For visitors to Lautoka, the most noticeable monument to the wood-chip industry is the enormous, pyramid-shaped pile of chips at the wharf. It has been there so long (in form if not in substance!) it has virtually become an icon.
Fish and fish products are Fiji's fourth largest export sector. Total fish production is worth about $130 million per year, and includes a high domestic consumption of over 50kg per capita per year. The main export items are canned tuna (chiefly skipjack and yellowfin) and chilled fresh fish such as deep-water snapper. Other products include bottom-living fish, mother-of-pearl shells, trochus shells, beche-de-mer and shark fin. Aquaculture, including tiger prawn culture, is increasing in importance.
While Lautoka has no cannery, it is an important centre for a large number of smaller fishing vessels. Small scale fishing accounts for almost half of the total catch in Fiji waters. In recent years, domestic longline fishing for tuna has been especially rewarding. The Lautoka-based vessels operate from the Fisherman's wharf/harbour next to Queen's Wharf.
Fisheries are administered by the Fisheries Division of the Ministry of Fisheries and Forests. Lautoka accommodates the Western Divisional office in town and a depot and boat-building shed at the wharf. The fishing industry is encumbered with indigenous rights issues similar to those affecting the sugar industry - not to mention the problems of foreign vessels operating in Fijian waters. The Fisheries Act "recognises the Fijian people's customary right to fish in traditional fishing grounds and allows the owners of customary fishing rights to advise the Fisheries Division which commercial fishermen shall be allowed to fish in their area". Inshore fisheries are in fact largely administered by traditional bodies while the Fisheries Division handles the deep-sea fisheries.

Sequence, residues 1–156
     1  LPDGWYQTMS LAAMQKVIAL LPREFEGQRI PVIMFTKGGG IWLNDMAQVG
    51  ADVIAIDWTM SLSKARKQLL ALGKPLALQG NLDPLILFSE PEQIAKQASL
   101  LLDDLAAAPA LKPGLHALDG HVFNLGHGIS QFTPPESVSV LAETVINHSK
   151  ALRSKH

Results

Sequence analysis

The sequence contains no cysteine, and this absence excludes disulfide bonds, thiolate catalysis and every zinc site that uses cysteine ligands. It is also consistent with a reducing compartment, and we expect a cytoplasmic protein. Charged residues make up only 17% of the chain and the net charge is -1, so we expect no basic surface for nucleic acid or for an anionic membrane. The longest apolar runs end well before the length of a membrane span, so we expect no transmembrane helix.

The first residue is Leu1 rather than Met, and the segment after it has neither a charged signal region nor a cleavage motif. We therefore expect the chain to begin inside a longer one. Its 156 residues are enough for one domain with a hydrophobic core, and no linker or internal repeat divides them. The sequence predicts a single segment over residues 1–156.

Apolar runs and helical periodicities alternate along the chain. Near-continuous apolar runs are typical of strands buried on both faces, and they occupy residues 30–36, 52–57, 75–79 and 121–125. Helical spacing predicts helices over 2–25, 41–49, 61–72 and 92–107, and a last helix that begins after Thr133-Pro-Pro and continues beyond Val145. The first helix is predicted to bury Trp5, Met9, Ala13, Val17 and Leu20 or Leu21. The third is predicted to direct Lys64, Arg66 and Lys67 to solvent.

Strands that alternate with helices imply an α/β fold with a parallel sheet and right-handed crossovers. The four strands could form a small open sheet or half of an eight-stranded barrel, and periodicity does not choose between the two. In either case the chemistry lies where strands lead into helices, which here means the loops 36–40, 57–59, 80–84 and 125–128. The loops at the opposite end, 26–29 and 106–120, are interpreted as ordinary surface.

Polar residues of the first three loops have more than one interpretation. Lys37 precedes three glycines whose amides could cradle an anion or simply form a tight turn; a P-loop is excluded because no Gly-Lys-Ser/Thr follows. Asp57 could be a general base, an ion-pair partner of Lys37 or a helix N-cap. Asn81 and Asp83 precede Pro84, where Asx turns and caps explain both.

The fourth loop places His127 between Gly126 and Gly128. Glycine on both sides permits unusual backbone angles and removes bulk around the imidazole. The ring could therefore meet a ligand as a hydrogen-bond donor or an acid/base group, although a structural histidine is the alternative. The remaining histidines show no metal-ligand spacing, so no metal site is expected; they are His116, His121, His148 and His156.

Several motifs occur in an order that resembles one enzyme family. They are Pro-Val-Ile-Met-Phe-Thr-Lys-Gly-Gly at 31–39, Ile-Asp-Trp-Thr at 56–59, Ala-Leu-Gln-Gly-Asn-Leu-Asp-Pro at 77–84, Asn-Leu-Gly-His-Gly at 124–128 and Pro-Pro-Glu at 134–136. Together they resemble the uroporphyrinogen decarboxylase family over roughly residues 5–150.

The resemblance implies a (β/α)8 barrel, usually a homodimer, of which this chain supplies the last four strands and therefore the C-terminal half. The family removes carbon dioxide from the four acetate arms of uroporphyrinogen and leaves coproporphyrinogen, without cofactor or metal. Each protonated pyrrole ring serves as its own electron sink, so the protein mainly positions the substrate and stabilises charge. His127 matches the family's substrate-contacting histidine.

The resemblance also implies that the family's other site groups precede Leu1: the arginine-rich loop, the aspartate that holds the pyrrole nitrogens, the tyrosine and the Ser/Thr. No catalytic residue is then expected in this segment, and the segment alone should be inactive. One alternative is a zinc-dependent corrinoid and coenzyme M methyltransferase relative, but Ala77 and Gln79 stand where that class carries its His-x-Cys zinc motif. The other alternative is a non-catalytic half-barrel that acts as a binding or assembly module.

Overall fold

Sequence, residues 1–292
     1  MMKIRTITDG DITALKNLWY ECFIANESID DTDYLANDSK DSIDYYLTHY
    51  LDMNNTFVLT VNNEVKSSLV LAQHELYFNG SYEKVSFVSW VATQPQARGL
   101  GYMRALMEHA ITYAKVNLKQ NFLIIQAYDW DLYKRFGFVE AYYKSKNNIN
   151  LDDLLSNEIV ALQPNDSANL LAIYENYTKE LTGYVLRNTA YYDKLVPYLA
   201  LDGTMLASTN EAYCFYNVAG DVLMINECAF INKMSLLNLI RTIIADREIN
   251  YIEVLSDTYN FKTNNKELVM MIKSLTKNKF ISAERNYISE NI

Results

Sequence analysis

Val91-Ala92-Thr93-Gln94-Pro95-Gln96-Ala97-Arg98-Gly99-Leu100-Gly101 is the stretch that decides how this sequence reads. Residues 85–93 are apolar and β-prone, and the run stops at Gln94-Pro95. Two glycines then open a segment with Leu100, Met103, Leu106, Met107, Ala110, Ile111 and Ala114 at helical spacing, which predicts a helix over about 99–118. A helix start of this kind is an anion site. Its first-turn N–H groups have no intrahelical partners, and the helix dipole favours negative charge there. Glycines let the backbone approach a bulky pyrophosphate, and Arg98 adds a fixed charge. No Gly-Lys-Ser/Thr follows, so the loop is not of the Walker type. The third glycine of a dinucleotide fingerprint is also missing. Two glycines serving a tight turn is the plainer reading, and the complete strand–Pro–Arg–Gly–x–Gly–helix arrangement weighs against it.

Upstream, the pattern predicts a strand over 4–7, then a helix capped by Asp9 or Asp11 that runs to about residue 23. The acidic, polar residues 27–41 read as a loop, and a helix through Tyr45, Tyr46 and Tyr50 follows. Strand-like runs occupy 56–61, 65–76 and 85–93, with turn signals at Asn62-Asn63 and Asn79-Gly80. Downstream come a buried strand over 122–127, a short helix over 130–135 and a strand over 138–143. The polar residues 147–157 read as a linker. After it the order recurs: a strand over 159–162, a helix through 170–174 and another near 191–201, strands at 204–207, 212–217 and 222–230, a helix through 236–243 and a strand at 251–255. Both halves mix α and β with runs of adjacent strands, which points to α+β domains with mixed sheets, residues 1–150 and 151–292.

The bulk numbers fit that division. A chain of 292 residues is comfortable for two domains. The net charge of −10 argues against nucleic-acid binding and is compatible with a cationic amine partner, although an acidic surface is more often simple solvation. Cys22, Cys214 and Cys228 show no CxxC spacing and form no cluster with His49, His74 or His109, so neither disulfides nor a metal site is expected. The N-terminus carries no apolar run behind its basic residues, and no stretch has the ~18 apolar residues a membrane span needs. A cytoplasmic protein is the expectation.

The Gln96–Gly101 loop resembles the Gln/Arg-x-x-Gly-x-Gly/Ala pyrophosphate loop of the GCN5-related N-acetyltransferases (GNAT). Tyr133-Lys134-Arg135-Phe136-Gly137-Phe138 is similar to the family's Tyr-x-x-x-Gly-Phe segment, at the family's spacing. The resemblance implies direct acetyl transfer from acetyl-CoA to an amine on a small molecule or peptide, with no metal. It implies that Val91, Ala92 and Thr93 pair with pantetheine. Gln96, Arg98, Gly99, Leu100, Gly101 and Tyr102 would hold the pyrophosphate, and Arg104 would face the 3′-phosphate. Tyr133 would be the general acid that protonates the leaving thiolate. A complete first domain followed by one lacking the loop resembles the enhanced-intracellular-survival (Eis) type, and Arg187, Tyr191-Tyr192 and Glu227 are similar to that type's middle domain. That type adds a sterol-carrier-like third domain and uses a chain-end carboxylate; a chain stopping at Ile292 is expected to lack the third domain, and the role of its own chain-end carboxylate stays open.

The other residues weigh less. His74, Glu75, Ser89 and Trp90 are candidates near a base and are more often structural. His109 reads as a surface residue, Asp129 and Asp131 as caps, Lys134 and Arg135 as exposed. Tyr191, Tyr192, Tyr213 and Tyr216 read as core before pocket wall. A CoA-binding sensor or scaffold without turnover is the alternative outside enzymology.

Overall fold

As has been mentioned, Fijians eat a lot of fish, and they are strangely proud of the quality of their fish and cooking methods. Certain fish dishes are indeed very tasty. However, visitors to Fiji might find that the quality of the fish served in most homes and restaurants is poor (it's dry, tough or boney, or all three). In some restaurants it is also as cheap as chips, and the quality is little different to anywhere else in the islands. Travellers to Lautoka should be aware of the danger of Ciguatera poisoning (see Health section below).
Brewing and distilling